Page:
Nemosis response of the CAF markers between these fibroblast populations showed also variation. The α-SMA level was drastically downregulated in spheroids, reflecting the protein levels and indicating the decomposition of cytoskeleton in these spheroids. This was also true for FB-43 cells, for which we could not detect protein expression. Differing from the normal fibroblasts, the CAFs started to regain the α-SMA expression at 72 hours; when compared to normal fibroblasts the increase was statistically significant (P<0.05) (Figure 2C). FSP1 mRNA decreased, as expected, in both normal fibroblast cell strains and in CAF-74 cells, but surprisingly increased in CAF-43 spheroids (Figure 2D). The third CAF marker FAP was induced in nemosis in all fibroblast populations, following the general nemosis fingerprint. This induction was higher in CAF spheroids than in normal fibroblast spheroids (P<0.05 in CAF-43 vs. FB-43, not statistically significant in 73 cells due to high variation between samples) (Figure 2E).
The other hallmark of nemosis is the increased production of several growth factors, including VEGF, HGF/SF and FGF7 (KGF). Therefore we used Q-PCR to study the expression levels of these genes in the four fibroblast populations. Both CAF strains had lower basal expression levels of VEGF, HGF/SF (P<0.05) and FGF7 (P<0.01) mRNA compared to the paired normal fibroblasts (Figure 3A and 3B). When grown as spheroids all four fibroblast populations showed upregulated VEGF, HGF/SF and FGF7 mRNA expression. VEGF induction was highest in CAF-74 cells (over 15-fold) (Figure 3C), whereas highest HGF/SF induction was seen in CAF-43 cells (over 30-fold) (Figure 3D). FGF7 levels were regulated slightly differently; over 6-fold induction was observed in FB-43 cells, other cells had an average of 5-fold induction, and interestingly in CAF-74 cells at the 72 hour time point this induction had come down to 2.5-fold (Figure 3E).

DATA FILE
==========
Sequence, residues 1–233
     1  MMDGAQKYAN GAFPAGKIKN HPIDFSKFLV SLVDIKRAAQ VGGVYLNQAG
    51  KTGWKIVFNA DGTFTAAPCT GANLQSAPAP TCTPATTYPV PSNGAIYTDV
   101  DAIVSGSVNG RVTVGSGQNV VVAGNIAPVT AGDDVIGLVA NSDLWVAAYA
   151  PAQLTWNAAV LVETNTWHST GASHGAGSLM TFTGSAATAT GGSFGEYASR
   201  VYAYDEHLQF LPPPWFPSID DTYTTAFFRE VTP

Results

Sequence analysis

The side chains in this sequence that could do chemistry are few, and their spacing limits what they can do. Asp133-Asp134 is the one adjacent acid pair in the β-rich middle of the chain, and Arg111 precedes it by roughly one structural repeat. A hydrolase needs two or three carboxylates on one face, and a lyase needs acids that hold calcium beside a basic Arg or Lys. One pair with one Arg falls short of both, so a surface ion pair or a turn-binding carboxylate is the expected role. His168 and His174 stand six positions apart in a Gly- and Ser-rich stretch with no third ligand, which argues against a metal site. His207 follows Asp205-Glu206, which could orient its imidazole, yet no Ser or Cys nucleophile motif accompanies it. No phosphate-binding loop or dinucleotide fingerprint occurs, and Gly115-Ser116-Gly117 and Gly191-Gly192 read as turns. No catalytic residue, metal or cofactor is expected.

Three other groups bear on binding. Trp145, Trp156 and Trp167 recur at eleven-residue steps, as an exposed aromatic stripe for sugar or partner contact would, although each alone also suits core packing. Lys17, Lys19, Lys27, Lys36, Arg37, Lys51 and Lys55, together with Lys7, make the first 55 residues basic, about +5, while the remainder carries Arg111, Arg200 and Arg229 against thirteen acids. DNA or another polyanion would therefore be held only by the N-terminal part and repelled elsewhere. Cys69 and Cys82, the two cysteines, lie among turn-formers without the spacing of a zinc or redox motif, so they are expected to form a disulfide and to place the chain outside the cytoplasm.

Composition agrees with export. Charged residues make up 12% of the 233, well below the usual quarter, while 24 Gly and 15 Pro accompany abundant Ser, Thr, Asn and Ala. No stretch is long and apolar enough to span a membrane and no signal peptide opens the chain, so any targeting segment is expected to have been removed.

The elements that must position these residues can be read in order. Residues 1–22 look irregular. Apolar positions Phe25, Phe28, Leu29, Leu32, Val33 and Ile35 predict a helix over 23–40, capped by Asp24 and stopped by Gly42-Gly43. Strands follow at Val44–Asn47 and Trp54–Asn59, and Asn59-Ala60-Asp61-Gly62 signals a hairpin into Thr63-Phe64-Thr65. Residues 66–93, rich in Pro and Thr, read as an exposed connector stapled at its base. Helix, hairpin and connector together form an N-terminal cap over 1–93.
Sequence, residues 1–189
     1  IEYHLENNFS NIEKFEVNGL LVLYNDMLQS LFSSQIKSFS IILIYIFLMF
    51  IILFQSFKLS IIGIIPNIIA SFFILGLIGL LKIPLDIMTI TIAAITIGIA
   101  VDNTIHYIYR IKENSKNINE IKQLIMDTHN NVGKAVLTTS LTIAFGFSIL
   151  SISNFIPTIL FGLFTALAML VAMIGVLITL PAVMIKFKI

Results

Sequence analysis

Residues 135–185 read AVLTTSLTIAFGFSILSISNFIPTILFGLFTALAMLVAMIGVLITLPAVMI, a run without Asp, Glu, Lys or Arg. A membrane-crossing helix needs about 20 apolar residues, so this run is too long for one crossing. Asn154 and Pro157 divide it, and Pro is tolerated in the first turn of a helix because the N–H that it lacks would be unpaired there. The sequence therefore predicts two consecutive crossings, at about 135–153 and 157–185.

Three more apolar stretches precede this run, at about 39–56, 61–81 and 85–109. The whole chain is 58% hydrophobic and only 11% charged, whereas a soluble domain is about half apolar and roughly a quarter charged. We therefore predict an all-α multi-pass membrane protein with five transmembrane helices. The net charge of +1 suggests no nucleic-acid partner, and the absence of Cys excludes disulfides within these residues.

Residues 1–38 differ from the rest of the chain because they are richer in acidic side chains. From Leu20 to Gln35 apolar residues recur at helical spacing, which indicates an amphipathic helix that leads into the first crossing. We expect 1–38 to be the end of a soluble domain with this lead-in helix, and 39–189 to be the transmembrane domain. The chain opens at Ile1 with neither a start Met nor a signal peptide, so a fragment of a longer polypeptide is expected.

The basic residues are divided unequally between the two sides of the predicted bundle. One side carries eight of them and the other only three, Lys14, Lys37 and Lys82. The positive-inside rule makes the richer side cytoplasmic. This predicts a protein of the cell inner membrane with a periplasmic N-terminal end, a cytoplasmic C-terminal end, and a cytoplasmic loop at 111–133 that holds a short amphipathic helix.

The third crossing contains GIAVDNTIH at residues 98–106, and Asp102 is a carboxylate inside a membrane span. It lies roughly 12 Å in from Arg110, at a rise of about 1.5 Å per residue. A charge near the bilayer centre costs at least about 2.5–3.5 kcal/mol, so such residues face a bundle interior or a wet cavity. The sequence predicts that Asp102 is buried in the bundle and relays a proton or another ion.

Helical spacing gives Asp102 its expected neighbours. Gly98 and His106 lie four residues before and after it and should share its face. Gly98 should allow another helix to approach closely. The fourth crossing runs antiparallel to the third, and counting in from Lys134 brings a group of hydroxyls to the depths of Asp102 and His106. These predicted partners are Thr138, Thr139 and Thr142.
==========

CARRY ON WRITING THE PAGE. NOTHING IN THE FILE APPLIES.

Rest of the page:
Anchorage-independent growth of UT-SCC carcinoma cell lines was tested using the soft-agarose assay. During the three-week observation period all four carcinoma cell lines formed colonies, but clear difference between primary and recurrent tumor cell lines was seen (Figure 4). When cultured alone, both recurrent tumor cell lines UT-SCC-43B and UT-SCC-74B formed twice the amount of colonies compared to primary tumor cell lines UT-SCC-43A and UT-SCC-74A; the difference was statistically significant in both cases (P<0.05). The underlying monolayer of normal fibroblasts FB-43 and FB-74 increased slightly the number of 43A and 74A carcinoma cell colonies, respectively. Increase in colony numbers was further augmented when 43A and 74A SCC cells were grown under the influence of CAF-43 and CAF-74 (P<0.05), respectively. Interestingly, when culturing the more invasive 43B and 74B SCC cells with FB-43 and FB-74 fibroblasts, a decrease in colony number was seen; this effect was more pronounced with 74B cells (P<0.05 in FB-74 compared to control). CAF-43 and CAF-74 fibroblasts restored the number of colonies to same level as control, but did not further enhance the colony formation of recurrent SCC cells.
The UT-SCC colony formation results were in line between cells obtained from the two individuals; however, there was variation between individuals when observing closely the underlying monolayer fibroblast cultures. Spontaneous spheroid formation was seen in the underlying monolayer culture of FB-43 and CAF-43 fibroblasts when co-cultured with both 43A and 43B SCC cells (Figure 5A–D). FB-74 and CAF-74 did not spontaneously form spheroids under any of the above conditions, but they did grow faster when co-cultured with more malignant 74B cells (Figure 5G–H). Figures 5I–J presents the spontaneous spheroid formation of 43 fibroblasts with 43A and 43B SCC cells. With both UT-SCC cell lines, CAF-43 cells formed significantly more spheroids than FB-43 fibroblasts (P<0.05). The two different SCC cell lines did not influence significantly the fibroblast spheroid formation; although a slight increase was seen in CAF-43 spheroids with recurrent 43B SCC cells. None of the fibroblast types (FB-43, CAF-43, FB-74 and CAF-74) formed colonies in soft agarose.
To elucidate the reason for the different behavior of the fibroblast strains on monolayer cultures, and particularly the slow growth rate of CAF-74 cells, we performed senescence-associated beta-galactosidase (SA-β-gal) staining. SA-β-gal activity is the most commonly used marker for cellular senescence. Premature stress-induced senescence is caused by oxidative stress, DNA damage and oncogene activation . As expected, CAF-74 cells showed strong SA-β-gal staining. CAF-43 fibroblasts were as well positive, but CAF-74 had significantly more (P<0.01) senescent cells (Figure 6).
Primary carcinomas are considered to be unorganized organs that are composed of various cell types, including cancer cells, fibroblasts and other mesenchymal cells, and cells related to immunity and vasculature. The tumor-stroma microenvironment leads to fibroblast activation and paracrine signaling between fibroblasts and cancer cells . In nemosis, activated fibroblasts start to produce proteins involved in inflammation, proteolysis and cancer progression and at the same time downregulate the expression of cytoskeletal proteins –.